Of all the world’s mercantile lures, none was more persistent or more mesmeric for Americans than the fabled Far Eastern markets. In the 1890s, United States commercial expansion into the Pacific catapulted the nation to the status of a great power. In describing and analyzing American ambitions in China which led to the Open Door negotiations, Mr. McCormick argues that American leaders rationally and pragmatically sought the China market in order to absorb American “overproduction” and achieve domestic stability. The dilemmas that emerged from the nature of American aims and policies were to plague the United States throughout the twentieth century.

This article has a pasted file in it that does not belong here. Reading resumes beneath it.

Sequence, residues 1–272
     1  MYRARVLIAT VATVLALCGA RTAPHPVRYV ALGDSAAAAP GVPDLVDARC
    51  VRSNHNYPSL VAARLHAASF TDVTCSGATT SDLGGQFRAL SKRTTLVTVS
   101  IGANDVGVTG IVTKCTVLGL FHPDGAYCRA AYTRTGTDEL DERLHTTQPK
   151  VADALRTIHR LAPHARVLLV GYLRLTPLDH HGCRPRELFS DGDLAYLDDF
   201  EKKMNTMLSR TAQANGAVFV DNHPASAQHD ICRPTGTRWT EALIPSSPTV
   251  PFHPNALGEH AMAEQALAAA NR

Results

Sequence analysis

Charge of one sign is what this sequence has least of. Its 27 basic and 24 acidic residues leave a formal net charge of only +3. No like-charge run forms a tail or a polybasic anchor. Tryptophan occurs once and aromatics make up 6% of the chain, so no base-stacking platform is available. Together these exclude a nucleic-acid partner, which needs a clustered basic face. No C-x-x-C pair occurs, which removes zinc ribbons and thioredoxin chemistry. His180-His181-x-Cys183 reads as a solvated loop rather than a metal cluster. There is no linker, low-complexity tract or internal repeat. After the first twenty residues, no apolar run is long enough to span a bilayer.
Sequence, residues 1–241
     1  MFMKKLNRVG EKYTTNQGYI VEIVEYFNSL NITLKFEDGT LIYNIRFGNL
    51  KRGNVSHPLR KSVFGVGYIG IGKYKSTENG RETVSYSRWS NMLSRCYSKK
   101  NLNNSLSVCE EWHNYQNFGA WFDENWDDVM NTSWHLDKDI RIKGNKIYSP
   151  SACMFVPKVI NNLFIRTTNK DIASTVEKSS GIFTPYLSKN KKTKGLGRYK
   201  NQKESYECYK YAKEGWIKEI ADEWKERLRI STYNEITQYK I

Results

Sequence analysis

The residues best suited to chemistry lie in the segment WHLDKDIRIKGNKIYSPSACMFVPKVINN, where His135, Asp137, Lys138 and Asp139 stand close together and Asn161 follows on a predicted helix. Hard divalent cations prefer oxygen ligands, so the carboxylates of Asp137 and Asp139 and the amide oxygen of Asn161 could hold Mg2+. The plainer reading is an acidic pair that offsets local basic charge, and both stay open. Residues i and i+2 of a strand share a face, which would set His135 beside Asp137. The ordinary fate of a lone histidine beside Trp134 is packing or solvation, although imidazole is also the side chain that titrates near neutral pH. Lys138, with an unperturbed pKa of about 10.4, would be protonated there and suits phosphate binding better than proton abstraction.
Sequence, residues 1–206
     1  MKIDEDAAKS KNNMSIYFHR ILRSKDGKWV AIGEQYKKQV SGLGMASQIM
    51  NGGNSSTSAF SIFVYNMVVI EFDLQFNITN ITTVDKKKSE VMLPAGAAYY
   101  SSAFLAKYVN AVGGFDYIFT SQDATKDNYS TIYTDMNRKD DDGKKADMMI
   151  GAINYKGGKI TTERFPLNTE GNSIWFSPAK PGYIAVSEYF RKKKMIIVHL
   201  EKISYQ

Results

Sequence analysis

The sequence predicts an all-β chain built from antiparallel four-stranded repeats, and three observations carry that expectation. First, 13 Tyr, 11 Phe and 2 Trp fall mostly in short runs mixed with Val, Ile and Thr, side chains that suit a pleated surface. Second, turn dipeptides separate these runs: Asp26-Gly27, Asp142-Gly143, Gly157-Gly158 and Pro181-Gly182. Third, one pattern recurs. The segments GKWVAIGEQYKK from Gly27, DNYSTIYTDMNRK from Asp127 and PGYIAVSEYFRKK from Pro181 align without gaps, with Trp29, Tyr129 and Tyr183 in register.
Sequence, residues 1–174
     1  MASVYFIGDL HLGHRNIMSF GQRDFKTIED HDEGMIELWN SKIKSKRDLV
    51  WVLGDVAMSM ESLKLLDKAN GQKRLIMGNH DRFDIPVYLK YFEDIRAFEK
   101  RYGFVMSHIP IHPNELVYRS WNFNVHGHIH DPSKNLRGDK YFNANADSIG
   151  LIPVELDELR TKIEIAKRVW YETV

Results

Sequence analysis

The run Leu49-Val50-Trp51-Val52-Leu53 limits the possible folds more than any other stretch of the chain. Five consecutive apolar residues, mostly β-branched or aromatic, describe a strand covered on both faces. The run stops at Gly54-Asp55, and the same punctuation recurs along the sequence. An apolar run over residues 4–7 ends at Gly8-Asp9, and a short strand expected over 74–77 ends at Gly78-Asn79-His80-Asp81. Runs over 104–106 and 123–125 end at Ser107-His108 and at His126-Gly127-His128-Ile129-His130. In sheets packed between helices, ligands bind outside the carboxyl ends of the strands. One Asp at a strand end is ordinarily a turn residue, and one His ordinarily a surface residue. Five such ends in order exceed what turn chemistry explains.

Thomas J. McCormick. China Market: America’s Quest for Informal Empire, 1893-1901. Quadrangle Books, 1967.